Saturday, 23 April 2011

Constructructable Polygons, and X^17 = 1

A while back I wrote a blog about Gauss' proof that the 17 gon (heptadecagon) was constructable.  Dave Renfro then set himself the goal of writing a clear and complete explanation such that a really good high school student (or more particularly, a somewhat slow high school teacher like me) could understand.  After very many hours of labor and multiple "final" drafts he has done a super job. It is a document well worth the attention of every upper level HS math student and teacher.  Thanks, Dave.

  I have posted his complete document. A Detailed and Elementary Solution to x^17=1  ,
and below is his introduction.


This manuscript was written during a three week period in March-April 2011 and it was motivated by Pat Ballew's 20 March 2011 blog entry Gauss and Constuctable Polygons <http://pballew.blogspot.com/>. It occurred to me that, in all of the many dozens of expositions about solutions to x^17 = 1 I had encountered in 30+ years, none gave all the details for obtaining one of the lengthy square root expressions one often sees exhibited. This includes the huge number of class notes and unpublished manuscripts that have populated the internet in the past 15 years, although that may no long be the case after this manuscript circulates. I suppose a case could be made that this is done in Klein [44] (Article 6, pp. 29-32) and in Barnard/Child [4] (pp. 174-175). However, I have not encountered any treatment where sufficient detail was given so that someone competent in high school algebra and trigonometry, but otherwise not very mathematically sophisticated, could be reasonably expected to follow. With this in mind, there are three main ways that I have tried to distinguish the present treatment from the many already in existence.

First, I have tried to be extremely detailed and explicit in the exposition, especially in carrying out algebraic manipulations, in rewriting numerical expressions, and in giving precise explanations for how the manipulations and rewriting are done.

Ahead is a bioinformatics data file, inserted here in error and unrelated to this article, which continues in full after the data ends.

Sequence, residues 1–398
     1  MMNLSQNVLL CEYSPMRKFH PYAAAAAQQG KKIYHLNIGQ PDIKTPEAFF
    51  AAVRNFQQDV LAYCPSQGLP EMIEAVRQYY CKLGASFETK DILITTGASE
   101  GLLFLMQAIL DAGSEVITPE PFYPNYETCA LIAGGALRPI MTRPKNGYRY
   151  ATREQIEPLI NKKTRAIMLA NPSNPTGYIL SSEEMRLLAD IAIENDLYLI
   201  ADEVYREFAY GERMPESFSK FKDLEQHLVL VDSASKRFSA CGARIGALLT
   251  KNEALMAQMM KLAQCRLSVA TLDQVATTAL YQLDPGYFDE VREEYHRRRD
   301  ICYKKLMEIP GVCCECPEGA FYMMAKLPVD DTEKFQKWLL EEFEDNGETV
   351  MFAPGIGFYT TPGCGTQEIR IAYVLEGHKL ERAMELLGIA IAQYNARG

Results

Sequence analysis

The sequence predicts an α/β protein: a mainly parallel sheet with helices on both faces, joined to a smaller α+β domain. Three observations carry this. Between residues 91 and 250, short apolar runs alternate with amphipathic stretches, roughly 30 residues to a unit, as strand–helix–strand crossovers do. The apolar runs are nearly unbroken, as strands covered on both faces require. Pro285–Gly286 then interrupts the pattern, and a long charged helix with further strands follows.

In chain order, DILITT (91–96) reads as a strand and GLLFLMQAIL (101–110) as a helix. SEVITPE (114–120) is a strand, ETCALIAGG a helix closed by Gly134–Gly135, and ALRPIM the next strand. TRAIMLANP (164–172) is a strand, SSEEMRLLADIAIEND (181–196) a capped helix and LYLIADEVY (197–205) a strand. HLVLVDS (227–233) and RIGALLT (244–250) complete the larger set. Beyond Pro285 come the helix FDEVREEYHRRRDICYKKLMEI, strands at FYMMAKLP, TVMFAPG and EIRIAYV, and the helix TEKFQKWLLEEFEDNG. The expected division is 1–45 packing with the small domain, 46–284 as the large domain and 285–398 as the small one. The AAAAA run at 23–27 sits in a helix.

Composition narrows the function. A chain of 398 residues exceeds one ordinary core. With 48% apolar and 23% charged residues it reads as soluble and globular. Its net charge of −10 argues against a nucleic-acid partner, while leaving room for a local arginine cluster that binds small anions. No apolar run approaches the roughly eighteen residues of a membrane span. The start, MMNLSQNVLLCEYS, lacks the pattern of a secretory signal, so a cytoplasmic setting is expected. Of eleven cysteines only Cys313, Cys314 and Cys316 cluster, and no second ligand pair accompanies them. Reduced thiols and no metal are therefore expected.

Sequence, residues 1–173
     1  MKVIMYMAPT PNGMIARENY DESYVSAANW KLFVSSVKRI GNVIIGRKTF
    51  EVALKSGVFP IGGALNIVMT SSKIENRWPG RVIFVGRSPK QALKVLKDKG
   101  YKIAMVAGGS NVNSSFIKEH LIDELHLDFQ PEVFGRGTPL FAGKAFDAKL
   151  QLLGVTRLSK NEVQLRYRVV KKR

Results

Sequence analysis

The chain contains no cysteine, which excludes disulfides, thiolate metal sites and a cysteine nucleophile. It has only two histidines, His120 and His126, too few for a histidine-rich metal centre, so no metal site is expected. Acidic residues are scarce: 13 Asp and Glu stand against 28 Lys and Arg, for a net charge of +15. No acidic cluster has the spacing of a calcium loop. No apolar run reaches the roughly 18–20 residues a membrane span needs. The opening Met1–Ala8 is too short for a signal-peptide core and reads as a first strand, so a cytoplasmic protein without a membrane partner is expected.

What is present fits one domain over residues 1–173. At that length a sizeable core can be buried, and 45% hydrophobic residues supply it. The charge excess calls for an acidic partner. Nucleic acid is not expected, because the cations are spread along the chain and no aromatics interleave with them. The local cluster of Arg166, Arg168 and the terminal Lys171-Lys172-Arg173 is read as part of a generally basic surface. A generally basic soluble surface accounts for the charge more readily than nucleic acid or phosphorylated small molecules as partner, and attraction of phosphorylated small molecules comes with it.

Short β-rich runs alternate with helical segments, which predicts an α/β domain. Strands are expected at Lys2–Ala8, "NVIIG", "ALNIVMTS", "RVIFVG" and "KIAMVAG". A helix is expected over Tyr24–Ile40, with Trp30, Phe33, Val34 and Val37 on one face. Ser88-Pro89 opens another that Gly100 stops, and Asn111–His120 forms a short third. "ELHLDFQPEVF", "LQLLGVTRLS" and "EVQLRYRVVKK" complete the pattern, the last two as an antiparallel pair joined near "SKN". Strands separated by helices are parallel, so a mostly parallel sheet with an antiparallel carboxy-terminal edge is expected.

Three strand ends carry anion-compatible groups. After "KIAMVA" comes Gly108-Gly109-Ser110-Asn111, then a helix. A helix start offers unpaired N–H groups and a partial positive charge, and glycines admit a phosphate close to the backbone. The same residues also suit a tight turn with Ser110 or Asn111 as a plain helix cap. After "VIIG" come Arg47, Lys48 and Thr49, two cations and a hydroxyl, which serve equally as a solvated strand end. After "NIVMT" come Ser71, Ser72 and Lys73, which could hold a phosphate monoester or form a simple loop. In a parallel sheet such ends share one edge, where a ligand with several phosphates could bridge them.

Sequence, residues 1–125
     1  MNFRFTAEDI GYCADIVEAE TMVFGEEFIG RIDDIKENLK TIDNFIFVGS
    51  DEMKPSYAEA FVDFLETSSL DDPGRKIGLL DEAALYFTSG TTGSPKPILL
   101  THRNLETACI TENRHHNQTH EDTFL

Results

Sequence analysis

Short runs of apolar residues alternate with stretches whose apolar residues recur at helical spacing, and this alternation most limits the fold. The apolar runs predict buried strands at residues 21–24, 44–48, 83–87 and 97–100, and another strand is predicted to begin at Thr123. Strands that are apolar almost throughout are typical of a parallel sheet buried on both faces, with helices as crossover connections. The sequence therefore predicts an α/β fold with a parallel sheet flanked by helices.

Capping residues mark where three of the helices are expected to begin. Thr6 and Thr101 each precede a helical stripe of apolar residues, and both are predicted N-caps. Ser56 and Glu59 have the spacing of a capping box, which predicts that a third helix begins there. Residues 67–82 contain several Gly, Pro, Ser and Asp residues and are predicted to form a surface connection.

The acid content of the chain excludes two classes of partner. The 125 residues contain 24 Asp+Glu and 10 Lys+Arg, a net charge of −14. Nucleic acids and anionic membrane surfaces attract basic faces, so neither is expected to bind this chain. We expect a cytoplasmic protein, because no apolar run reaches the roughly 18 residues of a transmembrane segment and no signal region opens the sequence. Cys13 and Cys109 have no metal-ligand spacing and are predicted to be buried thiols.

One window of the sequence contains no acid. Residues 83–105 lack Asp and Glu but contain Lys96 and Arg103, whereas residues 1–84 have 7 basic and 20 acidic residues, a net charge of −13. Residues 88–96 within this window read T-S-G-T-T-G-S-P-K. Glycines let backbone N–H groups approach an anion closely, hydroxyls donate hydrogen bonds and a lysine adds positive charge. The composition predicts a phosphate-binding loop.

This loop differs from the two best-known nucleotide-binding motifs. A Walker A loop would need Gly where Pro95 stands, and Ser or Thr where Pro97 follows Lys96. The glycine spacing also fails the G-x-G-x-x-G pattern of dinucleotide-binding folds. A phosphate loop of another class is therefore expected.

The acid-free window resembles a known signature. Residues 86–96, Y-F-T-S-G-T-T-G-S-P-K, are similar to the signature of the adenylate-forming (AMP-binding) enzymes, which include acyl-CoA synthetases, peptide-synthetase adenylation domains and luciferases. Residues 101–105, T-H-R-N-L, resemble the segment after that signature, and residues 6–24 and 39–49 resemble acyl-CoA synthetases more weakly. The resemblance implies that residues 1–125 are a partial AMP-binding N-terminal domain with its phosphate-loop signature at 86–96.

Second, in the case of obtaining explicit square root expressions related to the equation x^17 = 1, no computer algebra systems or calculators are used. In fact, I believe the only instance in which I needed to multiply something out by hand using grade school arithmetic methods was (34)(170) = 578 at one point, although even this could have been avoided, as will be evident when I obtain a more compact square root expression for Cos(2 Pi/17) .

Third, I have paid as much attention to the completeness and accuracy of the bibliography as I have with the mathematics. Thus, author names, journal titles, page citations, and the like are detailed and explicit. I have also given careful thought to the items included, with the exception of the x^257=1 entries (whose novelty and rarity merit the exception). My intended audience consists mainly of English readers who are high school students and their teachers, faculty at small colleges, and other math enthusiasts who do not have access to the resources of a research university library (an extensive book and journal collection, JSTOR and other expensive digital collections, etc.). Thus, the items in the bibliography were mostly selected for being freely available on the internet and for assuming relatively little mathematical background knowledge. I made a few exceptions to these principles, but this was done when I thought an item might be especially useful to someone interested in exploring the subject further. Also, I have noted which books have been reprinted by Dover Publications, because such a reprinting (even if no longer in print) makes it much more likely that the book can be found on the shelves of a public library or a small college library.
 
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